France's remarkable success against crime and terrorism
THE news media - particularly the electronic variety - are quick to report on increases in crime and terrorism, but much less eager to apprise the public of their decline. One country that has had spectacular success in the fight against both crime and terrorism is France. In fact, France is the only major industrial country that has experienced a major drop in crime rates over the past two years.
Only a little over a year ago, Paris was a veritable war zone, the target of a series of bombs planted by murky Middle Eastern groups. Publicity caused thousands of foreigners - particularly Americans - to cancel vacations, damaging France's large tourist industry.
Today the picture is dramatically different. The French responded to the terrorist attacks in the fall of 1986 by tightening border controls, introducing special courts for dangerous terrorist defendants, expelling suspicious foreigners more quickly, and making use of better international cooperation through informational exchanges.
The result is that public buildings and transportation centers in France are surrounded by highly visible security, including the latest in metal detection devices and robots programmed to detonate unattended packages. In essence the government engaged in an arms race with terrorists and now has the upper hand.
Too, more sophisticated French penetration of foreign intelligence agencies, notably those of Syria and Iran, enabled Paris to dismantle several terrorist groups, including the Committee of Assistance to Arab Political Prisoners and the network of the Tunisian terrorist, Fouad Ali Saleh. French police hold the two cells responsible for the death of at least 19 people.
Similarly, French agents scored notable successes in eliminating terrorist threats from within metropolitan France. The far-left Direct Action group was decapitated by the arrests of its leaders, Georges Cipriani, Jean-Marc Rouillan, Max Frerot, Nathalie Menigon, and Joelle Aubron. Among their more spectacular crimes was the murder of Georges Besse, head of R'egie Renault, the French automobile group. Likewise, 1987 was a banner year in the fight against the separatist Basque organization, Euzkadi ta Azkatasuna, many of whose leaders were detained and deported to Spain.
If ruthlessly efficient police work has been the key to suppressing terrorist attacks, the French have taken a more pragmatic approach in fighting ordinary street crime. Though the same arguments about the causes of crime are present in both France and the United States (with the left emphasizing social conditions and the right demanding that police be ``unshackled''), there has been a notable French consensus over plans to fight it. Though Paris already is one of the most heavily policed cities in the industrial West, 800 young auxiliary policemen, recruits doing their military service in the police, were added to regular police forces throughout the city.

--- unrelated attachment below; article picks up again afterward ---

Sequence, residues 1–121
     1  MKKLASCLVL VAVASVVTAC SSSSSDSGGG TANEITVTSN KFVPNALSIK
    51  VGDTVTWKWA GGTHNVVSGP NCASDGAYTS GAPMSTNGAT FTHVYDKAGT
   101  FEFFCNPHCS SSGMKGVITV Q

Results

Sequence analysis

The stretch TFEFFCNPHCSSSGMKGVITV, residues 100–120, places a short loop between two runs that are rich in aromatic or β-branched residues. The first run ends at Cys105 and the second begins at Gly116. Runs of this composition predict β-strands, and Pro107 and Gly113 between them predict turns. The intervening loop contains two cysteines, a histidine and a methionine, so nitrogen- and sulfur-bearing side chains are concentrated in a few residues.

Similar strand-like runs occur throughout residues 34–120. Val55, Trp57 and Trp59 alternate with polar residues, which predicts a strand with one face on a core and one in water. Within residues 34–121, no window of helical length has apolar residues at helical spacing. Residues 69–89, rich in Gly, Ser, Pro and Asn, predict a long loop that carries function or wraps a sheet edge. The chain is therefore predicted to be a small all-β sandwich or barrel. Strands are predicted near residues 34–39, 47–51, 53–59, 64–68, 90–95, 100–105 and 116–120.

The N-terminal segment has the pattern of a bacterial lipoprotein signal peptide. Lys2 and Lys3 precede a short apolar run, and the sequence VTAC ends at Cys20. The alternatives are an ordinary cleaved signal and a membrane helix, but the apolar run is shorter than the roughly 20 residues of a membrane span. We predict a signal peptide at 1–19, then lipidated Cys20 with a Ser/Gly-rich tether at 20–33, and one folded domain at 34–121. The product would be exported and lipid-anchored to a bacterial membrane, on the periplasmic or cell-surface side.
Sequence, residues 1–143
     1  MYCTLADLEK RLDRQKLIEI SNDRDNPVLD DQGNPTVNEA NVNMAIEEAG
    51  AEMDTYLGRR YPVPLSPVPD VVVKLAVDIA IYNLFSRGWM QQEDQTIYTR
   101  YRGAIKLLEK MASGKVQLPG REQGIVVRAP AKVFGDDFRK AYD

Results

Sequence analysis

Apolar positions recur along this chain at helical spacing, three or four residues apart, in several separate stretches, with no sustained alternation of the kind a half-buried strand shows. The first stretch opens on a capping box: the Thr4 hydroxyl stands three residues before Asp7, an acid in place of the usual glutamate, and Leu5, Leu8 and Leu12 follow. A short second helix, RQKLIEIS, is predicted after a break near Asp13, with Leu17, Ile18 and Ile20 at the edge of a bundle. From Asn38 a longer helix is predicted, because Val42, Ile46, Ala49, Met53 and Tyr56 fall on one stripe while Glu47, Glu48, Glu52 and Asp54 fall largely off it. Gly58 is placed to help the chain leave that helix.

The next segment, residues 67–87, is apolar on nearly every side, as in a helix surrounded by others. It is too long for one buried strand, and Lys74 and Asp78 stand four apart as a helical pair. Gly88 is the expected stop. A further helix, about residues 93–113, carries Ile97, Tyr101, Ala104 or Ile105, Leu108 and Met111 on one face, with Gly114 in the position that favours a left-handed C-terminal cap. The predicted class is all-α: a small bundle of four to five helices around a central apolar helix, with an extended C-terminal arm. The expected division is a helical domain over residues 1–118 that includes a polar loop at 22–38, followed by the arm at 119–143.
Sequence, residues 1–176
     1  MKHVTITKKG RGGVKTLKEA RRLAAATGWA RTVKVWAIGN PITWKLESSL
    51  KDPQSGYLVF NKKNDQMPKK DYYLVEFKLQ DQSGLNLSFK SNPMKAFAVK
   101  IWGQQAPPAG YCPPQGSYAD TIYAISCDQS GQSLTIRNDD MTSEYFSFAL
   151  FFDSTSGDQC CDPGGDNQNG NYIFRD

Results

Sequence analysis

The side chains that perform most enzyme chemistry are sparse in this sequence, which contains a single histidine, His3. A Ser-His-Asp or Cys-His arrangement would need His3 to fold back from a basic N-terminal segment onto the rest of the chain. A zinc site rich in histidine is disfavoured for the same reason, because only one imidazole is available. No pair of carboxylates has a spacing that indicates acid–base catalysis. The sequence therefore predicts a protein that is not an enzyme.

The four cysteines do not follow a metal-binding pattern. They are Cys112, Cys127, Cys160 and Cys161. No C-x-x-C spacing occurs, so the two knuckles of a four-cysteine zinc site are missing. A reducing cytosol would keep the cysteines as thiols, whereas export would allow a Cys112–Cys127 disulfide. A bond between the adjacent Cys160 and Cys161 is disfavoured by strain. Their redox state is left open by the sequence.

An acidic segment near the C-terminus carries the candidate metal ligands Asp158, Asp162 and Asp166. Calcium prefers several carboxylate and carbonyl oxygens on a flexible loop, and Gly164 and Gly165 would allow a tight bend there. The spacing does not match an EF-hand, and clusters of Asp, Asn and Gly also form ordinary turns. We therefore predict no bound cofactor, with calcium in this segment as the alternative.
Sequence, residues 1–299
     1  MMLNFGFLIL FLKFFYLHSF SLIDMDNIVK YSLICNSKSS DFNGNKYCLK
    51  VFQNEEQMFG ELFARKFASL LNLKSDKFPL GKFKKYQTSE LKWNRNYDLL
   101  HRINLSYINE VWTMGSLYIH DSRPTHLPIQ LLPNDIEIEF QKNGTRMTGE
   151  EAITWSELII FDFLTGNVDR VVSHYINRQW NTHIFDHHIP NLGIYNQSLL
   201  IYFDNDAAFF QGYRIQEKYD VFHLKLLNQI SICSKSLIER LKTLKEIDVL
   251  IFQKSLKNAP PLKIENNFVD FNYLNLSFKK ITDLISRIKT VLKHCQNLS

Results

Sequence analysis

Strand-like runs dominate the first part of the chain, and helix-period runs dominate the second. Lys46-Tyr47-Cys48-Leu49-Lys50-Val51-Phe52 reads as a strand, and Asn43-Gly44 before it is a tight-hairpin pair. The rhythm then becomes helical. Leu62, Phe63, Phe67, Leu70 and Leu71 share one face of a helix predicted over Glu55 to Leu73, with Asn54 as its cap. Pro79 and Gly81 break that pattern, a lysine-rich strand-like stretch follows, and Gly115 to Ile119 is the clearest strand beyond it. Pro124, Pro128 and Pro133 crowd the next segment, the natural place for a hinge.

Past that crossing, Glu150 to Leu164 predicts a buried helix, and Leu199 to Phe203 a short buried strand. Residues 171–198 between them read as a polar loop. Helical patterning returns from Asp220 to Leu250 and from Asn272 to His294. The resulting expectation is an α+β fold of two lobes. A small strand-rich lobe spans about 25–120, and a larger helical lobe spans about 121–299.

More significant, the French have developed a national crime-fighting organization that concentrates on attacking the social conditions that breed juvenile delinquency. Every French town offers job training programs to deprived youths, and even subsidizes summer holidays for the poor. The idea is to channel troubled young people back into the mainstream of French society. The program has worked well enough that it has become politically sacrosanct for both left and right in the current presidential campaign. In any event, something must be working: Crime was down 10 percent in Paris last year, and the results for the entire country were the best since 1972.
There are several lessons here for Americans, who have never faced significant terrorist attacks, but whose ordinary crime rate strikes terror into many European hearts. The French have been successful precisely because their politicians have avoided being carried away by their own rhetoric.
The sterile, interminable arguments about gun control or ``getting tough with terrorist countries'' that go on so prominently in the US are not part of the political vocabulary. Instead, the double-barreled French approach is one of both compassion for the causes of crime and a ruthless attack on criminality itself.
Another lesson is that despite all the dramatic stories of one year ago, Western democracies do have the capacity to stop terrorism in its tracks without resorting to totalitarianism. The Italians showed this in their successful offensive against the Red Brigades, and the French showed it again last year. Indeed, the fabric of European democracy is stronger than many in the US media seem to believe.
In the future, sensational stories about terrorism or crime in another country should be consumed with a large measure of salt. Danger is a highly relative concept that varies immensely from society to society. One remembers Americans from Detroit or from Newark, N.J., canceling vacations in France because of fears of violence, when statistics suggest that they are in more danger walking down the street at home. Likewise, one recalls the daughter of a prominent Lebanese family who considered attending a university in the US. As her father explained, ``I decided to keep her in Beirut, because I couldn't stand to think of her in America around all those muggers and rapists.''
Kevin Michel Cap'e is a French-American writer who lives in Rome.